October 4, 2017
hi i’ve found your blog to be extremely helpful over the years. it has given me a much better understanding of how to handle my overwhelming student loan situation, thank you and i was hoping you could help me out with a question?
i have a student loan of about $84,000, interest rate is 5.79%, 7 year term, monthly payment is about $1000, and i pay an extra $1000 each month when the payment is due.
would it be more efficient to refinance my loan at a longer term, with a lower monthly payment, but higher interest rate (i.e. 20 years, $645 monthly payment, and 6.615% interest) or for a shorter term, with a higher monthly payment but lower interest rate (i.e. 7 years, $1200 monthly payment, and 3.85% interest rate)?
I can afford to pay $2000 a month and wondered if you could provide some insight?
thank you again for everything you’ve done in creating this wealth of information,
May 3, 2014
Thanks for the kind words. I’m thrilled to hear that we have been able to help you out over the years.
As far as your monthly payment question, it really comes down to personal preference. If you are confident that you will definitely be able to pay $2,000 per month, then a short term refinance makes a lot of sense. The lower the interest rate, the more efficient your monthly payments are.
Here is how things compare with your two options: With an 84k balance at an interest rate of 6.615% per month, you are paying about $463 per month in interest (though this number goes down with each payment you make). If you opt for the short term loan at 3.85%, you are paying about $269 per month in interest.
As you can see, the lower interest rate but higher payments will get your debt erased much quicker, and with much less spent on interest. The downside to this option is flexibility. If you need some extra cash one month, the loan with lower payments gives you the ability to divert your normal extra payment towards whatever emergency you are dealing with.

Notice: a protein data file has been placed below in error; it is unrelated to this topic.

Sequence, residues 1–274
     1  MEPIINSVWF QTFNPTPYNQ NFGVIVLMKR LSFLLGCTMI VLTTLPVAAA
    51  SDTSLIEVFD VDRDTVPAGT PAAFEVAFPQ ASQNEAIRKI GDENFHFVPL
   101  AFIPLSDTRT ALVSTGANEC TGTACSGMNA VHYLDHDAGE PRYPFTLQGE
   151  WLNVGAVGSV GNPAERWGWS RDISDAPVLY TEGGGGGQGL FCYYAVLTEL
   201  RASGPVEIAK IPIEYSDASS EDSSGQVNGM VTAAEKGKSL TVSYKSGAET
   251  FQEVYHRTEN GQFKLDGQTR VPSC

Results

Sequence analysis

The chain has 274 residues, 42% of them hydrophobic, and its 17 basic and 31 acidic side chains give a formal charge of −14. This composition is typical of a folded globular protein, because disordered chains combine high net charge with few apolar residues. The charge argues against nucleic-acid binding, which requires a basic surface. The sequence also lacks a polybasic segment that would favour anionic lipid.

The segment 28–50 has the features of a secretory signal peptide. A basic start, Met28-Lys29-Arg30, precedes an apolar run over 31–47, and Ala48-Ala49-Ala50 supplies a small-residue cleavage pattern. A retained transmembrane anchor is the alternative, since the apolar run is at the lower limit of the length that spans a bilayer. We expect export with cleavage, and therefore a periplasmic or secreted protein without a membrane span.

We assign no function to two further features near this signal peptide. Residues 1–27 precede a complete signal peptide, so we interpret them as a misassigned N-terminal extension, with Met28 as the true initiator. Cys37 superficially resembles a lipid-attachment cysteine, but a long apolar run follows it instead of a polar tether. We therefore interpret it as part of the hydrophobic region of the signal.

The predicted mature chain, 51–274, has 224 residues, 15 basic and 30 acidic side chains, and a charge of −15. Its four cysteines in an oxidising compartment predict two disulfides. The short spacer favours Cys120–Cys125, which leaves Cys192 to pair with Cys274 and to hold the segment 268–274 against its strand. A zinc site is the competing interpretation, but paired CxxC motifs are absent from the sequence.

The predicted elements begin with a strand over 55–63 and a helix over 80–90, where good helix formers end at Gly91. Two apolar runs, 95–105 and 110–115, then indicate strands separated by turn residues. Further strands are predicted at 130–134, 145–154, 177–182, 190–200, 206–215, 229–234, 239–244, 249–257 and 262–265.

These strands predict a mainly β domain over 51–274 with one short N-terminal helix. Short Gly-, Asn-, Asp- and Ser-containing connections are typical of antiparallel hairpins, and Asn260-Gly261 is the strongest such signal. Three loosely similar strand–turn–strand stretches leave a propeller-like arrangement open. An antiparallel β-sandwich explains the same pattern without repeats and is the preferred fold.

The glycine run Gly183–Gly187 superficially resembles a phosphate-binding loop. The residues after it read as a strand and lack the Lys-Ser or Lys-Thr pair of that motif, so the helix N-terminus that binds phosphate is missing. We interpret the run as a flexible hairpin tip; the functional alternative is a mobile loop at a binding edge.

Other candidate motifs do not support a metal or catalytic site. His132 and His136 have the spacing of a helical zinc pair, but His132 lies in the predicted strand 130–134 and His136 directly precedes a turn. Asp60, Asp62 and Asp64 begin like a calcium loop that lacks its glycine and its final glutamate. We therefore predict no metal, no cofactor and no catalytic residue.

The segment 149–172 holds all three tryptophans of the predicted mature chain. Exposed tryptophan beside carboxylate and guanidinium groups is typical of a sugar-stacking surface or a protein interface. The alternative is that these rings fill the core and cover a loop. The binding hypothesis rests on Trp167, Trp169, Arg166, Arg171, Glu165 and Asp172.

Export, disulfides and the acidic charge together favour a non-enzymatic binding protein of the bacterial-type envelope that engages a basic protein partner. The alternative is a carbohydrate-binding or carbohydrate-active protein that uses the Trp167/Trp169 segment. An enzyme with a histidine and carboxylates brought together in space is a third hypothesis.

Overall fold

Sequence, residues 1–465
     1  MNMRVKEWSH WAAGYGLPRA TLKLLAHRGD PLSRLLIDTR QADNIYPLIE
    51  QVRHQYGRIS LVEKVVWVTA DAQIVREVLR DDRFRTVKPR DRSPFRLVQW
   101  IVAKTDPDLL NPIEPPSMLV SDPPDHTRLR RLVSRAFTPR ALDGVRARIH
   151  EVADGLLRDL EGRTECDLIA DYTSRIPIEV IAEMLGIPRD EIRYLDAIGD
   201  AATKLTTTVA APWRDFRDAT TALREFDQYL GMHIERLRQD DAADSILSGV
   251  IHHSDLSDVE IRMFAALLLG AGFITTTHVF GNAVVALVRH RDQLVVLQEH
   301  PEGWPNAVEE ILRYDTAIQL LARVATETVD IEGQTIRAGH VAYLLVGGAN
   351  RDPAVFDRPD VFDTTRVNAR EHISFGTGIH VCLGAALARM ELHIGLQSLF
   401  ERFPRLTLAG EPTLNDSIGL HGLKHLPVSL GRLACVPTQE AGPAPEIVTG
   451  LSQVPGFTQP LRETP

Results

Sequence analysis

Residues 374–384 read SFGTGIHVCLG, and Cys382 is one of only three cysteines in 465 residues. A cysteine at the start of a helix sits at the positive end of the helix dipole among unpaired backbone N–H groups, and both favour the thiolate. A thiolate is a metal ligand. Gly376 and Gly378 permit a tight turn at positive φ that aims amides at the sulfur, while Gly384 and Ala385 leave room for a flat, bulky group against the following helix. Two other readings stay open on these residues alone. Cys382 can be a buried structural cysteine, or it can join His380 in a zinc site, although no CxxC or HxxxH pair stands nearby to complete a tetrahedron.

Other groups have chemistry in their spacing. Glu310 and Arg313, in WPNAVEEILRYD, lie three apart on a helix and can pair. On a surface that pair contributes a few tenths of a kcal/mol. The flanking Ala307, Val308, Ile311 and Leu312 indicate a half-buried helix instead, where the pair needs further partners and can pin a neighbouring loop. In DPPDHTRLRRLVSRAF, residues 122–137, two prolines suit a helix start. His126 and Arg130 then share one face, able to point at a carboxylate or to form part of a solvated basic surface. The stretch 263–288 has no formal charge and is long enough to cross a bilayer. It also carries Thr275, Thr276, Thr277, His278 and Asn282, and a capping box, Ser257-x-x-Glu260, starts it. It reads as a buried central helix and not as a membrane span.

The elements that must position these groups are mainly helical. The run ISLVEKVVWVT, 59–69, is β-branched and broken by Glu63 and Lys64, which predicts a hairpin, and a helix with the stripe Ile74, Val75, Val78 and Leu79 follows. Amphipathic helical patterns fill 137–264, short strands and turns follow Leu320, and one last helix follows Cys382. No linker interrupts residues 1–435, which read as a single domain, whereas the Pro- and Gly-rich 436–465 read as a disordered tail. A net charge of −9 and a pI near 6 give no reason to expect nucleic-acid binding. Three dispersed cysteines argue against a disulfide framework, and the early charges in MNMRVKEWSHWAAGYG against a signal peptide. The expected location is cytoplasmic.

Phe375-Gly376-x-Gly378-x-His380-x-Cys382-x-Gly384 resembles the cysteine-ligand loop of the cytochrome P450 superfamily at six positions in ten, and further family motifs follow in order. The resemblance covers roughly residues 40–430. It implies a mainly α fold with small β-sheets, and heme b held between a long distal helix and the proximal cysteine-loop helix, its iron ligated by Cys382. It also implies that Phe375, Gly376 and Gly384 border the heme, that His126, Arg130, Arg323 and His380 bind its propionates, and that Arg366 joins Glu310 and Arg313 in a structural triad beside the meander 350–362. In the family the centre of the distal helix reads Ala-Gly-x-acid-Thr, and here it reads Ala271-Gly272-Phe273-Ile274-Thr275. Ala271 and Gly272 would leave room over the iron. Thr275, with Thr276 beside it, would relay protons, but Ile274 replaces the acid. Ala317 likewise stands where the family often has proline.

This is where personal preference comes into play. Some people would rather have that flexibility and are willing to spend more on interest to get it. Others will prefer the monthly savings on interest.
From the very specific rate details you are sharing it sounds like you recently shopped around refinance rates. If so, great move. If you can afford $2,000 per month, you might even want to look at a 5-year loan instead of a 7-year loan. If you haven’t shopped around yet, it might be worth your time to send out applications to 4 or 5 lenders. The initial process takes a few minutes per lender, but with your large loan balance, even a slight difference in interest rate can result in major savings for you. Our lender rankings page should help you find the best rates: https://studentloansherpa.com/student-loan-reviews/
Hopefully this all helps you weigh your options in your current situation.
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